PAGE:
Combining rule. The way a set of mappings or classifiers are combined into a single one in case of parallel or stacked combining .

Concept. A concept is a general idea, or something conceived in the mind (Wikipedia). In pattern recognition it is sometimes used for a class or a cluster for which the underlying set of objects is the complete set of specific examples for which the concept is applicable (occasionally a single representative or typical object is also called a concept). The concept is the step that consciousness makes after recognizing patterns in observations and before a name (a word) has been a assigned to it.

Confidence. A value between 0 and 1 that indicates the likelihood that a particular outcome (e.g. class membership) is correct. This term is used instead of posterior probability when probabilities in the strict sense are not well defined. Class confidences may, like class posteriors, be interpreted as soft labels.

Consciousness. The ability of a thinker, observer or actor to observe his own state of mind.

Covariance matrix. This matrix generalizes the notion of variance to multiple dimensions. See the Wikipedia. In k dimensions it describes the 2nd order moment of a probability distribution of a random vector \boldsymbol{x} with mean \boldsymbol{mu} by C_{i,j}=E[(x_i-mu_i)(x_j-\mu_j)] or of a set of m  objects X={\boldsymbol{x_p}, p=1,2, ... ,m} by C_{i,j}=\Sigma_p[(x_{p,i}-\mu_i)(x_{p,j}-\mu_j)]. Multi-dimensional Gaussian distributions are fully described by mean and covariance matrix.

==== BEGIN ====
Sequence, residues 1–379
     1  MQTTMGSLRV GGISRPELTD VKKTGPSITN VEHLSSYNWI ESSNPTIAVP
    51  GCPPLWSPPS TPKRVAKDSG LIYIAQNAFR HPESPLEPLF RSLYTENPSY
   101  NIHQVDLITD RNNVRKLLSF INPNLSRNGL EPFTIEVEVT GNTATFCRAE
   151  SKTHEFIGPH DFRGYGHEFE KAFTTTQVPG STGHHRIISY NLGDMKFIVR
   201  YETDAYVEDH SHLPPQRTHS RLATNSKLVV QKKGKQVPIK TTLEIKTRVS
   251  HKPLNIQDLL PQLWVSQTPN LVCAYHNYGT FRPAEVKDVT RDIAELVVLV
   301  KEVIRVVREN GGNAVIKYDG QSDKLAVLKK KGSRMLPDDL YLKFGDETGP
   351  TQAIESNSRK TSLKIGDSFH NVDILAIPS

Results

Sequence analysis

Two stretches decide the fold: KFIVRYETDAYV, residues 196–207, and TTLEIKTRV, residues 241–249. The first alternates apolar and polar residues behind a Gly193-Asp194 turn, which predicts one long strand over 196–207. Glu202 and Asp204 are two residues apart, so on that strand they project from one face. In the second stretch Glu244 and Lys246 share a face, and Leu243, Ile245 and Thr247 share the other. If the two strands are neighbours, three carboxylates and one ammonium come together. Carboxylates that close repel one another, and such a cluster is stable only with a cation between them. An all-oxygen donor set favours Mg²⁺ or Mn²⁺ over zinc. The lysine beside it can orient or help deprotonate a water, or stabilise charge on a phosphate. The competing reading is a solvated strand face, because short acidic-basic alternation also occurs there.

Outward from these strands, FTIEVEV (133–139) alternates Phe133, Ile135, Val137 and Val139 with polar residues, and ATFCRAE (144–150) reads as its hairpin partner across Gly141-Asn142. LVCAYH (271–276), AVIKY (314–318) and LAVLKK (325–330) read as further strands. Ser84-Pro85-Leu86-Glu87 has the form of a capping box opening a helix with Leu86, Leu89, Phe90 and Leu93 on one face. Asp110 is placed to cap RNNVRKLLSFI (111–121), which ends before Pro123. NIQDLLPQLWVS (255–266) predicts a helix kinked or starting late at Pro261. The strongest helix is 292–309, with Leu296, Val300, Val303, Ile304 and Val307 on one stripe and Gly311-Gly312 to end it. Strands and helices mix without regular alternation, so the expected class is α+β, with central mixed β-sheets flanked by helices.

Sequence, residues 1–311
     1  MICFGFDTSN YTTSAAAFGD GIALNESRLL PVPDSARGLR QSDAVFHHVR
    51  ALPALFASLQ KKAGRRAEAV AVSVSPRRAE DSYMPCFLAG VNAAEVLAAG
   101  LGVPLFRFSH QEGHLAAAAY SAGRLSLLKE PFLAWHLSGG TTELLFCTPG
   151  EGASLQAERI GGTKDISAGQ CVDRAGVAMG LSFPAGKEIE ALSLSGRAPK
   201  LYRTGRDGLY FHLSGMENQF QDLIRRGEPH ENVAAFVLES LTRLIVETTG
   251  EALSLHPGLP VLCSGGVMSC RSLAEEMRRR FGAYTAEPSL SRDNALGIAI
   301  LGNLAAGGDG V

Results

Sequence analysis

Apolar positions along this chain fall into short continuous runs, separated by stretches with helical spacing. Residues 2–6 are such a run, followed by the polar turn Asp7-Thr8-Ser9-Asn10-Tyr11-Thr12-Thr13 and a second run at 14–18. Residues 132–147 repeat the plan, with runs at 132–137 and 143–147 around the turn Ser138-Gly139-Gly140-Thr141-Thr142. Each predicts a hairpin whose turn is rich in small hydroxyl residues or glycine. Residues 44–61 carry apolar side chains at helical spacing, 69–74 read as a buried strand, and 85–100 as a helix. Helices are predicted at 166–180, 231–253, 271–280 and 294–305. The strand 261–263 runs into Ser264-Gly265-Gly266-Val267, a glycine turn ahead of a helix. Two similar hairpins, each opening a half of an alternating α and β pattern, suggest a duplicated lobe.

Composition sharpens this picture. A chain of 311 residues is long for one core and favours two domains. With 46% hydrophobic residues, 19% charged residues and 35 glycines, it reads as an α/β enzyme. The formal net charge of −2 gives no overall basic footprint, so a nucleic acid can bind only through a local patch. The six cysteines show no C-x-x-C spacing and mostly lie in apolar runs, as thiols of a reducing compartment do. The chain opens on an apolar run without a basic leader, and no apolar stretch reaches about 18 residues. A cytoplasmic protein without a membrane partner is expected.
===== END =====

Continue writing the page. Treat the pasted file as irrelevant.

Crisp label. Labels point from an object to a class. They are assigned by an expert or estimated during automatic classification. If there is no uncertainty or ambiguity such a label is unique and symbolic. It just contains the name of the class. See also soft labels.

Curse of dimensionality. See overtraining.

Datafile. A PRTools programmatic class type. Variables of this type refer to directories (folders) of objects stored on disk. It contains the definition of all preprocessing (e.g. feature extraction) needed to convert it to a proper dataset. The interesting properties of data types are that they have an unlimited size and that the objects can still have different dimensions (image of different size, time signals of different length). A datafile is a child (subclass) of a dataset and thereby a dataset itself. See the PRTools help information on datafiles.

Dataset. A PRTools programmatic class type. Variables of this type refer to a set of vector representation of objects, feature vectors. These vectors should have the same length and are stored row-wise. So the columns refer to features and the rows to objects. The set of feature vectors is also referred to  as a feature matrix. Various types of additional information can be stored in a variable of the dataset type, e.g. object labels, class priors, feature names, feature domains, dates and descriptions. See the PRTools help information on datasets.